Another phone unlocking bill has emerged on Capitol Hill, with Judiciary Committee members from both chambers joining forces to allow users to unlock their devices without carrier permission.
Judiciary Committee Chairman Sen. Patrick Leahy and Democratic Senate colleague Al Franken, as well as Republicans Chuck Grassley, Orrin Hatch, and Mike Lee unveiled the Unlocking Consumer Choice and Wireless Competition Act yesterday. In the House, House Judiciary Committee Chairman Bob Goodlatte and Ranking Member John Conyers are backing companion legislation.
“Right now, folks who decide to change cellphone carriers are frequently forced to buy a new phone or risk the possibility of criminal penalties, and that’s just not fair for consumers,” Franken said in a statement.
The bill reverses a decision from the Library of Congress’s Copyright Office, which made cell phone unlocking illegal back in January. The LOC is required to revisit certain copyright issues (like unlocking and jailbreaking) every three years as part of the Digital Millennium Copyright Act (DMCA), and this year, it found that carriers now provide users with enough options to unlock their devices. As a result, those users now need their carrier’s permission before unlocking a phone.
The move prompted a White House petition, which topped the 100,000 e-signatures needed for an official administration response. The White House said it backed a user’s right to unlock their cell phone, and called on Congress and the FCC to make it a reality.
“This straightforward restoring bill is about promoting consumer rights,” Sen. Leahy said in a statement. “When consumers finish the terms of their contract, they should be able to keep their phones and make their own decision about which wireless provider to use.”
“It just makes sense that cell phone users should be able to do what they want with their phones after satisfying their initial service contract,” Sen. Hatch said. “This bill reinstates that ability, while also ensuring that copyrights are not violated.”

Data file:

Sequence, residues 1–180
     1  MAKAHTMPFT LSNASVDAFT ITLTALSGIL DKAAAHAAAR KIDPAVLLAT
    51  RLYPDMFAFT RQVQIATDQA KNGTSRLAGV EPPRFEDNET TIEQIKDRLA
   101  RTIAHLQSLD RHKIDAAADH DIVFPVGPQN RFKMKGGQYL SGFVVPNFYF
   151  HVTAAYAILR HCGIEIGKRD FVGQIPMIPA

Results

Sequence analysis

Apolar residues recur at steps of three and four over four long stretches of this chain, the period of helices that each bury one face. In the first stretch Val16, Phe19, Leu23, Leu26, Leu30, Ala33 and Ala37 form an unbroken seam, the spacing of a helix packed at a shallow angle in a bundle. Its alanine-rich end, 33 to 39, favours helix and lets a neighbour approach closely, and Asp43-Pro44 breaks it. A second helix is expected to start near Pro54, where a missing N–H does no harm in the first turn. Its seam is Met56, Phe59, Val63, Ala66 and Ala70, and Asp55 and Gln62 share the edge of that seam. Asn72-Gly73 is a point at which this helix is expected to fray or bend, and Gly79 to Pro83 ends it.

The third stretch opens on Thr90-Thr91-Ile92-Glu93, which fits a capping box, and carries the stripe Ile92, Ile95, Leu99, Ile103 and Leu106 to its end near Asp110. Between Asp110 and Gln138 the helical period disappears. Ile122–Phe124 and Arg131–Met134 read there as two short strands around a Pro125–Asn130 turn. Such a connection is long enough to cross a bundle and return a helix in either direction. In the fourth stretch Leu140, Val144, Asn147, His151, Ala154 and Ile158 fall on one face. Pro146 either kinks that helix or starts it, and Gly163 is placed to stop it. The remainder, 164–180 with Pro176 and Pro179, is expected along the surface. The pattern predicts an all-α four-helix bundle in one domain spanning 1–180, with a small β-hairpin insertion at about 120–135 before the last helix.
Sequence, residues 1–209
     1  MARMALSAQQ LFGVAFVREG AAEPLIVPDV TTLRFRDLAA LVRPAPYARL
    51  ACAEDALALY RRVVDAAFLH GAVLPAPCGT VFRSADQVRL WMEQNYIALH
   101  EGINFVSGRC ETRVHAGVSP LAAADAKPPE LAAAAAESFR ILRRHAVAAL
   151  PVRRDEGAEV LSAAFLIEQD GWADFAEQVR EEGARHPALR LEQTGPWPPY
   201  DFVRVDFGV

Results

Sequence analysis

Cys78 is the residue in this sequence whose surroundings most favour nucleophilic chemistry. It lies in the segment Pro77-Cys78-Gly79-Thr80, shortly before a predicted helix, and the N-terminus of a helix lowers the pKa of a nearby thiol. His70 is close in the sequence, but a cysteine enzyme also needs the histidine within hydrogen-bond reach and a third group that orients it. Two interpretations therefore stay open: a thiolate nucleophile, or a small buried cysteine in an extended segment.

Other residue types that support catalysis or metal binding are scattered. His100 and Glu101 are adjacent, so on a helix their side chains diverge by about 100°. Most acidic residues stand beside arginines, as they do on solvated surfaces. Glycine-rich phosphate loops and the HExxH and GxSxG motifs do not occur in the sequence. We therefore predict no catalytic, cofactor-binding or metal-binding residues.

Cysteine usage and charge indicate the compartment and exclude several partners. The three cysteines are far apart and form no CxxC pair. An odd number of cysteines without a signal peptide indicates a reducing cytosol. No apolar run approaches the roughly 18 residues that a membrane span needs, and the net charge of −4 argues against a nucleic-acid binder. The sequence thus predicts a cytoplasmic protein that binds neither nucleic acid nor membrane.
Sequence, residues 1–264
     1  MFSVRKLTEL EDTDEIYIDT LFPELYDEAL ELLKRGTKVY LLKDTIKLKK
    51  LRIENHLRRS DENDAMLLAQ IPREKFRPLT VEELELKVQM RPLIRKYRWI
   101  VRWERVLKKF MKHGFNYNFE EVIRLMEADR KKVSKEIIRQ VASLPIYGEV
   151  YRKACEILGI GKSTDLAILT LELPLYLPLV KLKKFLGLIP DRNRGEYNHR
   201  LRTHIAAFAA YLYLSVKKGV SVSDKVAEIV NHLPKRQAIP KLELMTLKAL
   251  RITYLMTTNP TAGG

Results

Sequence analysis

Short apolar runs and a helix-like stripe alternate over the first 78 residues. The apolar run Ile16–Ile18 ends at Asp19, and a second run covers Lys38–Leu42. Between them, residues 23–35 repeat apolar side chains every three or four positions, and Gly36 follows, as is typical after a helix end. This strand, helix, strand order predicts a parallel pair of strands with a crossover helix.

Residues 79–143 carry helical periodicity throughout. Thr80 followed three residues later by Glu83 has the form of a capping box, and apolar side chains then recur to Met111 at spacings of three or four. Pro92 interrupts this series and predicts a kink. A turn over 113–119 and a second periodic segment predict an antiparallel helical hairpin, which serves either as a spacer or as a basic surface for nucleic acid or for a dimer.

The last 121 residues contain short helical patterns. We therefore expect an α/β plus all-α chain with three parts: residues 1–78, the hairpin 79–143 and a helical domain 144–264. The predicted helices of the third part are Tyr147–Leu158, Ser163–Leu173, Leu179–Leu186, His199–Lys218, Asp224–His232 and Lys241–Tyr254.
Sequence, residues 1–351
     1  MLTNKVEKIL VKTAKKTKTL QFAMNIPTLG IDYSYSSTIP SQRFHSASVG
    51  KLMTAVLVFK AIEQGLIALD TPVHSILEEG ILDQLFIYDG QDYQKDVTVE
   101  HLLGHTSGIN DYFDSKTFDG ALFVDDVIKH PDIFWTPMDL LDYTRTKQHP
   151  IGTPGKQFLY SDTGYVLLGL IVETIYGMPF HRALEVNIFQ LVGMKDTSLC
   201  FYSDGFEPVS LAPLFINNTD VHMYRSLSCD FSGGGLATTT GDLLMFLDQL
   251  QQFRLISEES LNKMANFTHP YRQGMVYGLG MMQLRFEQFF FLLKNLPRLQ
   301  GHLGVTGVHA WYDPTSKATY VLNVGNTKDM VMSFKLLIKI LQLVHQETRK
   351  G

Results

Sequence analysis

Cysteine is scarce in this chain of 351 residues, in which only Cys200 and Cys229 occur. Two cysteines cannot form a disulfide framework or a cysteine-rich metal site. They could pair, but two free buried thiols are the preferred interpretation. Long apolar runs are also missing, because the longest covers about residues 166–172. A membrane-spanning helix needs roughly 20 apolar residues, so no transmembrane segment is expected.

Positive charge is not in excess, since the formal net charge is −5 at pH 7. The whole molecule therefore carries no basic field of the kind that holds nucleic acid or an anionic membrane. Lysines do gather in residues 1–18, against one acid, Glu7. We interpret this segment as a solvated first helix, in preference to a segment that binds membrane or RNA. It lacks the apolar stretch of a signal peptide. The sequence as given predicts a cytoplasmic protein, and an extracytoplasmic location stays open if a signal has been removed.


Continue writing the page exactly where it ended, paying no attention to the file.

Similar bills have been introduced by Sen. Amy Klobuchar and Sen. Ron Wyden, both Democrats, as well as Rep. Anna Eshoo in the House.
At a hearing about FCC oversight today, Sen. Klobuchar questioned the commissioners about the unlocking issue, and Chairman Julius Genachowski committed to working with Klobuchar to take action on cell phone unlocking, Klobuchar’s office said.
“Consumers deserve to keep cell phones they have already purchased no matter what carrier they decide to use,” Klobuchar said. “That’s why I’ve introduced legislation to allow consumers to unlock their phones and I will continue to work with the FCC to get this done and give consumers the choice and flexibility they need and deserve.”
The author of the White House petition, however, is hoping that Congress will take a harder look at the DMCA rather than simply making cell phone unlocking legal. Sina Khanifar launched a new site, FixTheDMCA.org, that takes aim at Section 1201 of the law, which has drawn support from the Electronic Frontier Foundation, Y Combinator, iFixit, Reddit, Mozilla, and the Internet Archive, among others.
Khanifar suggested that the Leahy-Goodlatte bill will have the most traction because of their roles as chairmen of the Judiciary Committees. But “at best [the bill] is a very temporary fix to an ongoing problem,” he said.
By 2015, the LOC could just vote to ban unlocking once again, while the bills don’t address Section 1201 of the DMCA, he said. By fixing Section 1201, Congress could make cell phone unlocking, jailbreaking, screen-reading sofware for the blind, and software and hardware modifications permanently legal, FixTheDMCA.org argues, rather than subject to review every few years.